AI tool could help clinicians provide more effective COVID-19 intervention — ScienceDaily

With communities across the nation experiencing a wave of COVID-19 infections, clinicians need effective tools that will enable them to aggressively and accurately treat each patient based on their specific disease presentation, health history, and medical risks.

In research recently published online in Medical Image Analysis, a team of engineers demonstrated how a new algorithm they developed was able to successfully predict whether or not a COVID-19 patient would need ICU intervention. This artificial intelligence-based approach could be a valuable tool in determining a proper course of treatment for individual patients.

The research team, led by Pingkun Yan, an assistant professor of biomedical engineering at Rensselaer Polytechnic Institute, developed this method by combining chest computed tomography (CT) images that assess the severity of a patient’s lung infection with non-imaging data, such as demographic information, vital signs, and laboratory blood test results. By combining these data points, the algorithm is

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Technology lets clinicians objectively detect tinnitus for first time — ScienceDaily

A technology called functional near-infrared spectroscopy (fNIRS) can be used to objectively measure tinnitus, or ringing in the ears, according to a new study published November 18 in the open-access journal PLOS ONE by Mehrnaz Shoushtarian of The Bionics Institute, Australia, and colleagues.

Tinnitus, the perception of a high-pitched ringing or buzzing in the ears, affects up to 20% of adults and, when severe, is associated with depression, cognitive dysfunction and stress. Despite its wide prevalence, there has been no clinically-used, objective way to determine the presence or severity of tinnitus.

In the new study, researchers turned to fNIRS, a non-invasive and non-radioactive imaging method which measures changes in blood oxygen levels within brain tissue. The team used fNIRS to track activity in areas of the brain’s cortex previously linked to tinnitus. They collected fNIRS data in the resting state and in response to auditory and visual stimuli in 25

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New findings could provide a tool for people with bipolar disorder and clinicians to predict relapse and intervene in a timely manner — ScienceDaily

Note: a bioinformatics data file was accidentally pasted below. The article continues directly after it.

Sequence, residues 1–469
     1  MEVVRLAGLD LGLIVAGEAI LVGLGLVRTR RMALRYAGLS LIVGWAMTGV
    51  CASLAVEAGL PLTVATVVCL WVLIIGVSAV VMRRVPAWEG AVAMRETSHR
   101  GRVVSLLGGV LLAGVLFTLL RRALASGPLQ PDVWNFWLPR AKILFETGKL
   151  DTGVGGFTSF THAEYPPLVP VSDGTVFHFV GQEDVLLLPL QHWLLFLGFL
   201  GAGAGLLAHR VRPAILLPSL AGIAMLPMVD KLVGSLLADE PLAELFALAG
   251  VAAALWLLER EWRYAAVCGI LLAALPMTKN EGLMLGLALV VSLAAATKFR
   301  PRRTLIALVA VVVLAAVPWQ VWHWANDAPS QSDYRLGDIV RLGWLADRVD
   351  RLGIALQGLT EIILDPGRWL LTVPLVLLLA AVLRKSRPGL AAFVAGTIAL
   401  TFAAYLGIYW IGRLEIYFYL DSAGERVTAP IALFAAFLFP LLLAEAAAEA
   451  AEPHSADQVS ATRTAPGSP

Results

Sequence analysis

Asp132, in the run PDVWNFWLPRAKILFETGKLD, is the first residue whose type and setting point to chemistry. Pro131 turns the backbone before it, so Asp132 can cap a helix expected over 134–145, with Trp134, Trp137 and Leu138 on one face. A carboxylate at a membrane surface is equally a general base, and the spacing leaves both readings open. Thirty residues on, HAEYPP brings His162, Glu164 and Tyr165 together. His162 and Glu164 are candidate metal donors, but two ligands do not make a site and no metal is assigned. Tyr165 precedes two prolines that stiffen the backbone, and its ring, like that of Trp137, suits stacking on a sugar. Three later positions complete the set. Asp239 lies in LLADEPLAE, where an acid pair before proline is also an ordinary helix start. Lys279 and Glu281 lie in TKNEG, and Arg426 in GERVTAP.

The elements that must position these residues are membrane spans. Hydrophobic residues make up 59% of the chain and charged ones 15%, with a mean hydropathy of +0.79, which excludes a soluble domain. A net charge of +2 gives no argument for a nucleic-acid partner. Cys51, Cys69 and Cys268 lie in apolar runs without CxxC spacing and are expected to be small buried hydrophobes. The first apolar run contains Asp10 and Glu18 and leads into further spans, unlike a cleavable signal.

Relapse in people with bipolar disorder can be predicted accurately by their tendency towards having pessimistic beliefs, according to a study published today in eLife.

The results could provide an urgently needed tool for doctors to predict upcoming relapse and provide timely treatment.

Bipolar disorder is characterised by successive periods of elation (mania) and depression, interspersed with asymptomatic phases, called euthymia. People who have shorter periods of asymptomatic euthymia are more likely to suffer disability, unemployment, hospitalisation and increased suicidal feelings. However, predicting relapses using existing clinical diagnostic tools or demographic information has proven largely ineffective in bipolar disorder.

“It is already known that people with depression tend to give negative information more weight than positive information, leading to pessimistic views that may make symptoms worse,” explains lead author Paolo Ossola, Research Fellow at the Department of Medicine and Surgery, University of Parma, Italy. “We wanted to test the

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Clinicians’ antibiotic-prescribing patterns can impact patients’ future antibiotic use

Receiving an initial antibiotic prescription for a viral acute respiratory infection–the type of infection that doesn’t respond to antibiotics–increases the likelihood that a patient or their spouse will seek care for future such infections and will receive subsequent antibiotic prescriptions, according to the findings of a study from Harvard Medical School and the Harvard T.H. Chan School of Public Health.

The analysis, published online August 10 in Clinical Infectious Diseases, is believed to be the first to measure how variation in clinicians’ antibiotic-prescribing patterns impacts patients’ care-seeking behavior and antibiotic use in the long term.

The findings are alarming because they suggest that once such prescriptions are given improperly for a viral infection they could become a gateway to more antibiotic use, the researchers said. Overuse of antibiotics is common. Previous studies have shown that nearly a quarter of antibiotics prescribed

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Clinicians who prescribe unnecessary antibiotics fuel future antibiotic use — ScienceDaily

Receiving an initial antibiotic prescription for a viral acute respiratory infection — the type of infection that doesn’t respond to antibiotics — increases the likelihood that a patient or their spouse will seek care for future such infections and will receive subsequent antibiotic prescriptions, according to the findings of a study from Harvard Medical School and the Harvard T.H. Chan School of Public Health.

The analysis, published online August 10 in Clinical Infectious Diseases, is believed to be the first to measure how variation in clinicians’ antibiotic-prescribing patterns impacts patients’ care-seeking behavior and antibiotic use in the long term.

The findings are alarming because they suggest that once such prescriptions are given improperly for a viral infection they could become a gateway to more antibiotic use, the researchers said. Overuse of antibiotics is common. Previous studies have shown that nearly a quarter of antibiotics prescribed in an outpatient setting

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